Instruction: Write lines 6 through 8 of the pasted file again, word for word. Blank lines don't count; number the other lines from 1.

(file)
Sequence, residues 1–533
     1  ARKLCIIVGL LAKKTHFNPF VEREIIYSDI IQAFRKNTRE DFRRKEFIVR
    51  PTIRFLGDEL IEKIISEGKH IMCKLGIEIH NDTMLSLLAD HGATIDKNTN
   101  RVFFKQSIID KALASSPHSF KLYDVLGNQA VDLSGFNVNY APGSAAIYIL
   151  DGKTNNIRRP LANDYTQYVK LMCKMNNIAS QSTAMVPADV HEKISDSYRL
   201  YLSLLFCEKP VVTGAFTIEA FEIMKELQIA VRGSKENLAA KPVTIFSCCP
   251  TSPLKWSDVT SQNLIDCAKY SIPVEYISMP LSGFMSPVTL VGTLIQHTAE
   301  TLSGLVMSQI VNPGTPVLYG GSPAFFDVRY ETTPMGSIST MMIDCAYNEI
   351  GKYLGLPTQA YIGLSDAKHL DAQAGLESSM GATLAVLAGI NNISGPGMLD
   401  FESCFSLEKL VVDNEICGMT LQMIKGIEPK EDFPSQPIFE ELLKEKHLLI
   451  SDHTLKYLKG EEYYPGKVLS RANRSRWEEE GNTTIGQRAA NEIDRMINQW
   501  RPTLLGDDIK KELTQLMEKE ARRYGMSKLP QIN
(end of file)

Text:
   201  YLSLLFCEKP VVTGAFTIEA FEIMKELQIA VRGSKENLAA KPVTIFSCCP
   251  TSPLKWSDVT SQNLIDCAKY SIPVEYISMP LSGFMSPVTL VGTLIQHTAE
   301  TLSGLVMSQI VNPGTPVLYG GSPAFFDVRY ETTPMGSIST MMIDCAYNEI